Fibrosis describes the accumulation of excessive of connective tissue that occurs in response to organ injury or pathological states. Scars that replace injured skin are an example of external, visible fibrosis. Progressive scarring of the lung, liver, and heart represent fibrotic diseases that are major drivers of mortality. The tissue stiffness that characterizes fibrosis is also known to play a role in cancer metastasis.
Fibrosis-initiating cells, or fibroblasts, respond to signaling by the growth factor TGF-β, but this molecule also acts on epithelial and immune cells to suppress inflammation and autoimmunity. Global and chronic inhibition of TGF-β signaling has numerous adverse effects, necessitating a more specific approach to blocking fibrosis-initiating TGF-β pathways. Using a high-throughout screen of small molecules, researchers in Harold Chapman's lab at UCSF School of Medicine identified a class of compounds called trihydroxyphenolics as inhibitors of TGF-β1-induced responses in fibroblasts. They observed that trihydroxyphenolics do not affect non-fibrogenic epithelial or immune cells. Further studies determined that fibroblasts and fibroblast-like cancer cells produce a specific protein that generates an intermediate metabolite of trihydroxyphenolic compounds. As only fibrosis-initiating cells produce the metabolite, trihydroxyphenol treatment selectively affects fibrogenic cells.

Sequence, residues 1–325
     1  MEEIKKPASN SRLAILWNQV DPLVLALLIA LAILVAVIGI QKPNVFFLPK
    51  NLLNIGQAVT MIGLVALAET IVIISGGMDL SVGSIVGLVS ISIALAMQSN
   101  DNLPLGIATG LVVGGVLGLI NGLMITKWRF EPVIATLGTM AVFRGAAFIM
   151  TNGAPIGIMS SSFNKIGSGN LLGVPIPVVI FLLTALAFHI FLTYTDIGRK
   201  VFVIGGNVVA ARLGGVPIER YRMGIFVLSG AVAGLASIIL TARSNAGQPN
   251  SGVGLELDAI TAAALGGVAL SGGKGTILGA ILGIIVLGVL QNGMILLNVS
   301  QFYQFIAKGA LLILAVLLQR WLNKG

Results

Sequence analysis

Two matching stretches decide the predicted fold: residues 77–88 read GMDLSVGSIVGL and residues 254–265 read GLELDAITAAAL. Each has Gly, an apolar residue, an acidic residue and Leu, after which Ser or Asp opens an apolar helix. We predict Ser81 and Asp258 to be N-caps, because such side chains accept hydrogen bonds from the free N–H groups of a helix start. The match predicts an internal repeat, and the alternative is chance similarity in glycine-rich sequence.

As the group describes in a study published this week in the JCI, the identification of this class of compounds as TGF-β inhibitors with selective anti-fibrotic activity delineates a possible therapeutic approach to attenuate fibrosis without the harmful side effects of non-specific TGF-β inhibition.
TITLE: Attenuation of lung and tumor fibrosis by fibroblast-specific inhibition of TGFß1 signaling
University of California San Francisco School of Medicine
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